National surveys show increasing interest in diet and nutrition over the past two decades.
But with so much often-conflicting information coming at people today, it can be difficult to separate the whole wheat from the junk food chaff.
That’s where Ohio State University Extension comes in. As OSU Extension celebrates its 100th anniversary this year, its Family and Consumer Sciences (FCS) programs are more relevant than ever, said Bridgette Kidd, Healthy People program specialist for OSU Extension. “Healthy People” is one of the focus areas of today’s FCS programming.
We’re able to provide reliable research-based information that empowers individuals to make quality decisions about their health, the health of their families and the health of their communities.
OSU Extension’s Healthy People programs cover a range of issues, including nutrition and wellness, food security, food safety and food preservation. “They’re all designed to meet the changing needs of Ohioans,” Kidd said.
That could mean helping people maintain a healthy weight, manage or prevent chronic disease, gain more control over the food they eat or participate more fully in the local foods movement.
- Live Healthy Live Well, which provides information and programs to workplaces to encourage healthy lifestyles, and organizes email wellness challenges, online programming and the use of social media to communicate reliable health and wellness information. Read the blog at livehealthyosu.com and like “Live Healthy Live Well” on Facebook.
- Dining with Diabetes, which is a series of three classes with cooking demonstrations to help individuals learn strategies to manage their diabetes through menu planning, carbohydrate counting, portion control, label reading and taste-testing healthy recipes.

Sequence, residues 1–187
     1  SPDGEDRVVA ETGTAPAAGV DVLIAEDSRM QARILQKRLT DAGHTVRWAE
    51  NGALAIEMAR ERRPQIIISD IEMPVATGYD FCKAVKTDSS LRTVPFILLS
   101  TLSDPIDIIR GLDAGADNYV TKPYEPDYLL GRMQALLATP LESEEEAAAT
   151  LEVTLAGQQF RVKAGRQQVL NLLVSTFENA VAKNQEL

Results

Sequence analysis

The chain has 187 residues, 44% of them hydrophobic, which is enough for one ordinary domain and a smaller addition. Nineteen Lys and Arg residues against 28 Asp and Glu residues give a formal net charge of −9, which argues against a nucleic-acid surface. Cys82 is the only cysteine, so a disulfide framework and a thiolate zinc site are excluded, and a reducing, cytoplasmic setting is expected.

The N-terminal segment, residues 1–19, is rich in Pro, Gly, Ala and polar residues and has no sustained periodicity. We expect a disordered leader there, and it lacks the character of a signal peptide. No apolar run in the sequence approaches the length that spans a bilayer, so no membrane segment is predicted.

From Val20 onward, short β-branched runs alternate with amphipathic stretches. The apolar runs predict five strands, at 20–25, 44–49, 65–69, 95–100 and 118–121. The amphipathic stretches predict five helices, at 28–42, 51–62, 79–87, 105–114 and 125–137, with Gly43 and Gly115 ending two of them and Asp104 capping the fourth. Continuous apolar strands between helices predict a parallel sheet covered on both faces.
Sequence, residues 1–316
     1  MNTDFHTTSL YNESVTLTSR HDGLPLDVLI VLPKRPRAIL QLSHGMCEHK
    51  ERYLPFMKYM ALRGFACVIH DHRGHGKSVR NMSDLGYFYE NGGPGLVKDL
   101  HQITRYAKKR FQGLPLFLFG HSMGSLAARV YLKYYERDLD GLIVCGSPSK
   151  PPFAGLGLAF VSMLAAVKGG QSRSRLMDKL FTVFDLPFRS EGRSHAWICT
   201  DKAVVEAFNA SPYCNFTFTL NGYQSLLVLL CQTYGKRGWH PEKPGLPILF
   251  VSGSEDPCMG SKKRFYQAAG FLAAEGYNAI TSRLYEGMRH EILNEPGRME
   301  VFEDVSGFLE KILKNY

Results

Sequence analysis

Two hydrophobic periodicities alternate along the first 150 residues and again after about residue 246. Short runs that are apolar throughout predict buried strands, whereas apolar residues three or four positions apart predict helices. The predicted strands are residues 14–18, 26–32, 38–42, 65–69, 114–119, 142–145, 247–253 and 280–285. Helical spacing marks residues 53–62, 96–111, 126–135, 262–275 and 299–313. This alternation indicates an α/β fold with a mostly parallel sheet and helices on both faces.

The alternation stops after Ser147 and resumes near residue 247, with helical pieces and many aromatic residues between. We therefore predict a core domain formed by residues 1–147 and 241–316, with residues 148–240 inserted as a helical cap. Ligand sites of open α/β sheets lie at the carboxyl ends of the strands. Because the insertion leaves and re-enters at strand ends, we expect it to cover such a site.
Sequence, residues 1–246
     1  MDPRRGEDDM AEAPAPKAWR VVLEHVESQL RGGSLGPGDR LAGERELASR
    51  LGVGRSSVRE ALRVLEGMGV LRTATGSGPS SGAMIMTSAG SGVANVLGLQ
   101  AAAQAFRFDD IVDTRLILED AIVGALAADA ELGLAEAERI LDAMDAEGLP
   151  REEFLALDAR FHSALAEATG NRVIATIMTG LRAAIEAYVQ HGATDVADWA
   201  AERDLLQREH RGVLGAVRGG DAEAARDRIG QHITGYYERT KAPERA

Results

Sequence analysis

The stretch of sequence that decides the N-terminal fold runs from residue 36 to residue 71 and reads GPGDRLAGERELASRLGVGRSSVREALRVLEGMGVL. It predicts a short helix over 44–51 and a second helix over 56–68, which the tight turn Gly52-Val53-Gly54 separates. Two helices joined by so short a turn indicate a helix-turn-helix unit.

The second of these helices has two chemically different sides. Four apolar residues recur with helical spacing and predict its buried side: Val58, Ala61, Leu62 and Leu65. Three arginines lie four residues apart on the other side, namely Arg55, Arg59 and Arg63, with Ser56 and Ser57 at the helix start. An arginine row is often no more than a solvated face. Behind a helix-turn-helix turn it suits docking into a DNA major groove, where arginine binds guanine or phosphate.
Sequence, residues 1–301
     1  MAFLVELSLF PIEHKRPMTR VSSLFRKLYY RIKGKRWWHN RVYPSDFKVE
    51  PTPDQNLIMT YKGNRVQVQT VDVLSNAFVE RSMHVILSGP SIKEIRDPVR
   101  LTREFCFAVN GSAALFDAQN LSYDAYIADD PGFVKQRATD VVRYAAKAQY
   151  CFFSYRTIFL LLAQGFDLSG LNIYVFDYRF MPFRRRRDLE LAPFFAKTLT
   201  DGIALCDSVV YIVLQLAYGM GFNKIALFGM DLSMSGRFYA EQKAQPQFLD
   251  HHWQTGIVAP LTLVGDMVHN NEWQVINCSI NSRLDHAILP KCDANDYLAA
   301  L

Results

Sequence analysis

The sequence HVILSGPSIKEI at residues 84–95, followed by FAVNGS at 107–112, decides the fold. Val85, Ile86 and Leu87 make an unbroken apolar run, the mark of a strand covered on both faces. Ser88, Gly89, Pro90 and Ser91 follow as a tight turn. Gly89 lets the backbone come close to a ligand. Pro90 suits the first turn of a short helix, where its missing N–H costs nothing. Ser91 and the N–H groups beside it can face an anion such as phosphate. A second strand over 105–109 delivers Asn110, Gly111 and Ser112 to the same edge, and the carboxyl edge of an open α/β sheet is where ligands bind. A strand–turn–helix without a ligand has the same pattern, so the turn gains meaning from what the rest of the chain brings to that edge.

- Million Hearts, which is a national initiative to prevent 1 million heart attacks and strokes by 2017. OSU Extension has partnered with Ohio State University’s College of Nursing on Million Hearts programming that includes lessons and healthy cooking demonstrations while nursing students provide free health screenings to participants.
- Food Safety, which includes offering guidance to consumers as well as training for food service managers, volunteers and employees who prepare food for large numbers of people.
- Food Preservation, which teaches gardeners and other lovers of fresh produce the basics of home canning and freezing fresh fruits and vegetables.
- Local Foods, which helps communities address multiple issues related to a local food system, from production through consumption.
- Ohio Farm to School, which is designed to help schools find and serve local foods. The program also teaches students where their food comes from and how their food choices affect their health, environment and community.
- Expanded Food and Nutrition Education Program, which is a series of eight lessons for low-income families on nutrition, food safety, food budgets and physical activity.
- Supplemental Nutrition Assistance Education Program, which provides hands-on, interactive learning experiences in a variety of settings to participants in the SNAP (food stamp) program. The focus is on healthy eating, food resource management and physical activity.
“Part of our continued success is being adaptable,” Kidd said. “We’re known for our face-to-face programs, but we’re also using blogs, webinars, e-learning modules, Twitter, Facebook and YouTube videos to meet the needs of our diverse populations throughout the state.”
For more information on Extension’s Healthy People programs, see fcs.osu.edu.